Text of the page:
13 Songs About Poverty And Hard Times

Music, like art, often reflects the harsh realities of the human condition. One of these realities is financial hardship, a struggle that many people face.

Songs about poverty and hard times dive deep into the experiences of struggling to make ends meet. They shed light on the challenges of living paycheck to paycheck, facing eviction, or not having enough to eat. These songs capture the stress, pain, and resilience of those living in poverty.

In this playlist, you’ll find 13 songs that intimately explore the theme of poverty and hard times.

13 Songs About Poverty And Hard Times

1. “Like A Rolling Stone” By Bob Dylan

Bob Dylan’s “Like A Rolling Stone” is a timeless classic. It tells a compelling story from the perspective of someone who knows a person called “Miss Lonely.” She used to mock others but now finds herself in a similar situation.

The song suggests that Miss Lonely has been robbed, leaving her homeless and struggling to make ends meet. As Dylan sings, “When you ain’t got nothing, you got nothing to lose,” highlighting the harsh reality of poverty.

Despite being over 50 years old, “Like a Rolling Stone” remains captivating thanks to its haunting organ and guitar music. Dylan’s poetic lyrics add to its enduring appeal, even if his voice isn’t to everyone’s taste.

2. “Another Day In Paradise” by Phil Collins

“Another Day In Paradise” by Phil Collins is a timeless song that still holds relevance today, despite being over three decades old. With Phil Collins’ soothing voice leading the way, the song starts with the memorable lines, “She calls out to the man on the street/Sir can you help me?”

The song talks about poverty, telling the story of a woman who shows the marks of her hardship and asks for help from people who ignore her. Even though she begs, those nearby act as if they can’t hear her, as shown in the lyrics: “He walks on, doesn’t look back / He pretends he can’t hear her.”

One poignant line from the song is “Oh, think twice, it’s another day for you and me in paradise,” showing the stark contrast between the everyday lives of those who have enough and the harsh reality faced by those living in poverty.

3. “The A Team” by Ed Sheeran

“The A Team” by Ed Sheeran might sound cheery, but it’s actually about some heavy stuff like addiction, poverty, and shattered dreams. Despite that, Ed Sheeran’s lyrics are thoughtful and strike a good balance.

He wrote this song when he was just 18, inspired by a woman he met at a homeless shelter named “Angel.” She told him about her life as a homeless drug addict, which became the inspiration for the song.

In the lines like “White lips, pale face /Breathing in snowflakes /Burnt lungs, sour taste /Light’s gone, day’s end / Struggling to pay rent,” Sheeran vividly depicts the woman’s financial hardships. 

Many of us know someone struggling with addiction, like “Angel,” who’s trying to turn things around but feels weighed down by bad luck. It’s like they want to fly, but the air around them is just too cold.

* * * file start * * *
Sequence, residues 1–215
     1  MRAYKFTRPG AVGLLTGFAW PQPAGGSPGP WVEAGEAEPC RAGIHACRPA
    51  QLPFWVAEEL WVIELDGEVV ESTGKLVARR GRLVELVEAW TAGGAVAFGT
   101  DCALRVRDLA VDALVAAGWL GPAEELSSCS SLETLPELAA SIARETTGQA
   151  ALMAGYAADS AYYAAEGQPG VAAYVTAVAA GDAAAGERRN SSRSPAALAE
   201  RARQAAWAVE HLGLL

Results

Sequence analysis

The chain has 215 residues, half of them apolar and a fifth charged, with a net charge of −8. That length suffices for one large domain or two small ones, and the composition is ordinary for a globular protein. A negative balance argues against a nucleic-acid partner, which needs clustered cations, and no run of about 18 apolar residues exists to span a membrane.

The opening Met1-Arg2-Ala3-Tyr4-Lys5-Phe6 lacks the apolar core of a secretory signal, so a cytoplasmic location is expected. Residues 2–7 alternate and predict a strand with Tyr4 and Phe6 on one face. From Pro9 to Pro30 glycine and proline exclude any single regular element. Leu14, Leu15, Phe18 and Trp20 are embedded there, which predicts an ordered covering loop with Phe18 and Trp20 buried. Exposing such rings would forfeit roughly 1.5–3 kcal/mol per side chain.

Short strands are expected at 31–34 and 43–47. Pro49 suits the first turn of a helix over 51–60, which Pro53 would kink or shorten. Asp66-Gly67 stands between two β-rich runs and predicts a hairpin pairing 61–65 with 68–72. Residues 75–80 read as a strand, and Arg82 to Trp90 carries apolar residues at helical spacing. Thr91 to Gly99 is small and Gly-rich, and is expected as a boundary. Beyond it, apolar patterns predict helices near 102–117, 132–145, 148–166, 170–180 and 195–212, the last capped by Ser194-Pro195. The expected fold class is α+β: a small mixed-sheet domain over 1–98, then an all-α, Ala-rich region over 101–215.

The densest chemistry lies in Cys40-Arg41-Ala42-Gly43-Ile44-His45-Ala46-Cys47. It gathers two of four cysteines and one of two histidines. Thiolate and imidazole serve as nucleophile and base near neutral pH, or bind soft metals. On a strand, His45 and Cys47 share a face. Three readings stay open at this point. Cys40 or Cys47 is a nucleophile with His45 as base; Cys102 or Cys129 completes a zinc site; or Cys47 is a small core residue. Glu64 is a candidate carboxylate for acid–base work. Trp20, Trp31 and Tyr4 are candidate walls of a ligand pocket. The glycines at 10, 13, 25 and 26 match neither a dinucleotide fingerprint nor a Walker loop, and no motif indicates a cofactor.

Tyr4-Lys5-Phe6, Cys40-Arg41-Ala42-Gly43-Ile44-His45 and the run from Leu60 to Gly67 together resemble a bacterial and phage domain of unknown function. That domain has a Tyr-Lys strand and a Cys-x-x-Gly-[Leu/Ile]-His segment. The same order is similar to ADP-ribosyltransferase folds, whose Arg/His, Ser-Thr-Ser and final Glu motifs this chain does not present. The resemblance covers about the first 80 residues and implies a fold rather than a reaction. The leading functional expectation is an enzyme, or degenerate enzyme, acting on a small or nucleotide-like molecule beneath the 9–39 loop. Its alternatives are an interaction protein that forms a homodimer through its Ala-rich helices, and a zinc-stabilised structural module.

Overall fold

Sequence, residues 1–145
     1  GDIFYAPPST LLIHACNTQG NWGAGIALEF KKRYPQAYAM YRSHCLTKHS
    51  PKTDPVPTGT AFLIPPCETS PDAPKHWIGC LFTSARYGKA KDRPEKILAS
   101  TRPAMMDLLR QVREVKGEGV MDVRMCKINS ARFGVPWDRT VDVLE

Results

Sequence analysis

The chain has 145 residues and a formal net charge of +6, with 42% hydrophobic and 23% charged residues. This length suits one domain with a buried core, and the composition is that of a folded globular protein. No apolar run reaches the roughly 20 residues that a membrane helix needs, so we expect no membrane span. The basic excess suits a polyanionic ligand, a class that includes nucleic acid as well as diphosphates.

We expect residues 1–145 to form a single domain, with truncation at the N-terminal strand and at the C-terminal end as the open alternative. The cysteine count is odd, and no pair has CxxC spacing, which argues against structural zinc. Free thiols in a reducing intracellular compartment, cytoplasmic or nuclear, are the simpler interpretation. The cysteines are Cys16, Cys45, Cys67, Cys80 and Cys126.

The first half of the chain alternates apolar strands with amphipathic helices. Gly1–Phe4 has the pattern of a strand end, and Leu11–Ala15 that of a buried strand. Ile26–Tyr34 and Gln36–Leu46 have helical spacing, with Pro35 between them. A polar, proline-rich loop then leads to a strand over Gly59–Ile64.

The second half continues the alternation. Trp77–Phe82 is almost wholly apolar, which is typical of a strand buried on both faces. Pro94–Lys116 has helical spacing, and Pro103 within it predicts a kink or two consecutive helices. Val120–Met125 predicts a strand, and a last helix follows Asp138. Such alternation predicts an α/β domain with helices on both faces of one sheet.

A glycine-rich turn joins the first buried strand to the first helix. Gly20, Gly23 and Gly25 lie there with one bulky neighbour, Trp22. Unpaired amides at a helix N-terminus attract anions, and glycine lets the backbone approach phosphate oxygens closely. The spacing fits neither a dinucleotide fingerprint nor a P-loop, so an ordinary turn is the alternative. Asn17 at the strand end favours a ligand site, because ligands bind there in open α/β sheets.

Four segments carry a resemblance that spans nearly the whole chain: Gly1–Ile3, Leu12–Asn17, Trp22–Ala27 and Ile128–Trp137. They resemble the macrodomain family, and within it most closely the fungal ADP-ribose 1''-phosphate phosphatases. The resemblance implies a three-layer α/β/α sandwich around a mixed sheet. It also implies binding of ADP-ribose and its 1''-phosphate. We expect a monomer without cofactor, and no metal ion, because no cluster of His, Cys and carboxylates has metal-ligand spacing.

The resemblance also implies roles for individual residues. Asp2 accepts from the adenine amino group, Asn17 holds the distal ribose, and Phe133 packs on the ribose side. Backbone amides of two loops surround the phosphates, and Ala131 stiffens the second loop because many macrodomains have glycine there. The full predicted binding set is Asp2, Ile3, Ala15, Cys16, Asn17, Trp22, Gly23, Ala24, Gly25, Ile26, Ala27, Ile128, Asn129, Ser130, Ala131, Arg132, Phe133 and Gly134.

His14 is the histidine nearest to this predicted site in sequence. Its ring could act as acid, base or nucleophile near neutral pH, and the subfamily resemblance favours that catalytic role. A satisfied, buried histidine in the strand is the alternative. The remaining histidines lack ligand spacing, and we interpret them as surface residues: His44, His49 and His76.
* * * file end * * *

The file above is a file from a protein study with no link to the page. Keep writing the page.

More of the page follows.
4. “Atlantic City” by Bruce Springsteen

The song “Atlantic City” by Bruce Springsteen talks about being poor and desperate. The person in the song owes a lot of money and can’t keep up. They talk about crime in the city and how it’s affected them.

They tried to save money but it didn’t work out. They end up buying tickets to Atlantic City with their partner, but it’s not for a fun trip. As Bruce Springsteen sings, “I got a job and tried to put my money away / But I got the kind of debts that no honest man can pay.” The song suggests they’re forced into doing illegal things to survive because they’re so poor. It’s like they have no other option.

5. “I Need A Dollar” By Aloe Blacc

Aloe Blacc’s song “I Need A Dollar” speaks to a common experience: needing financial help. He wrote it when he got fired from his job as a business consultant, feeling like his world was falling apart. Many could relate to the struggle of needing just a dollar and working hard to make ends meet.

The song struck a chord with listeners, resonating with those who knew what it was like to be in tough situations. As the lyrics reflect, “And if I share with you my story, would you share your dollar with me?” – capturing the plea for assistance in times of poverty.

Thankfully, Aloe Blacc found success in music and didn’t have to go back to another job. He continued to make great music, giving us more memorable songs beyond “I Need A Dollar.”

6. “Fast Car” By Tracy Chapman

Have you heard of Tracy Chapman? She’s known for her powerful lyrics in alternative rock. One of her standout songs is “Fast Car” from 1988.

In the song, the narrator wants to get away from her alcoholic father and seeks freedom anywhere she can find it. She runs off with her partner, but their relationship starts to fall apart. They find themselves stuck in a cycle of struggling to make ends meet and longing for escape. As Tracy sings, “You got a fast car, but is it fast enough so we can fly away? We gotta make a decision, leave tonight or live and die this way.”